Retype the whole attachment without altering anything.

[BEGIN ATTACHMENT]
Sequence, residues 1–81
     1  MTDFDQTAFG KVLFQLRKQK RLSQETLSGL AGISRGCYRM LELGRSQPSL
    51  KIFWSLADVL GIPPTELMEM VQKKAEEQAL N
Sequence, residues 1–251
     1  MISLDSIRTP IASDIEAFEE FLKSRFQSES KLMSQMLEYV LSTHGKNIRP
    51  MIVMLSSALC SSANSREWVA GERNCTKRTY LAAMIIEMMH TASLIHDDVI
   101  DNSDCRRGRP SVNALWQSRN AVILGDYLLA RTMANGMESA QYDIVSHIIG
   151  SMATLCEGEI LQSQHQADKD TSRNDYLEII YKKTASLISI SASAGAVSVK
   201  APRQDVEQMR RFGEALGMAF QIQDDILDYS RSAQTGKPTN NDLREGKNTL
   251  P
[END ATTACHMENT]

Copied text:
Sequence, residues 1–81
     1  MTDFDQTAFG KVLFQLRKQK RLSQETLSGL AGISRGCYRM LELGRSQPSL
    51  KIFWSLADVL GIPPTELMEM VQKKAEEQAL N
Sequence, residues 1–251
     1  MISLDSIRTP IASDIEAFEE FLKSRFQSES KLMSQMLEYV LSTHGKNIRP
    51  MIVMLSSALC SSANSREWVA GERNCTKRTY LAAMIIEMMH TASLIHDDVI
   101  DNSDCRRGRP SVNALWQSRN AVILGDYLLA RTMANGMESA QYDIVSHIIG
   151  SMATLCEGEI LQSQHQADKD TSRNDYLEII YKKTASLISI SASAGAVSVK
   201  APRQDVEQMR RFGEALGMAF QIQDDILDYS RSAQTGKPTN NDLREGKNTL
   251  P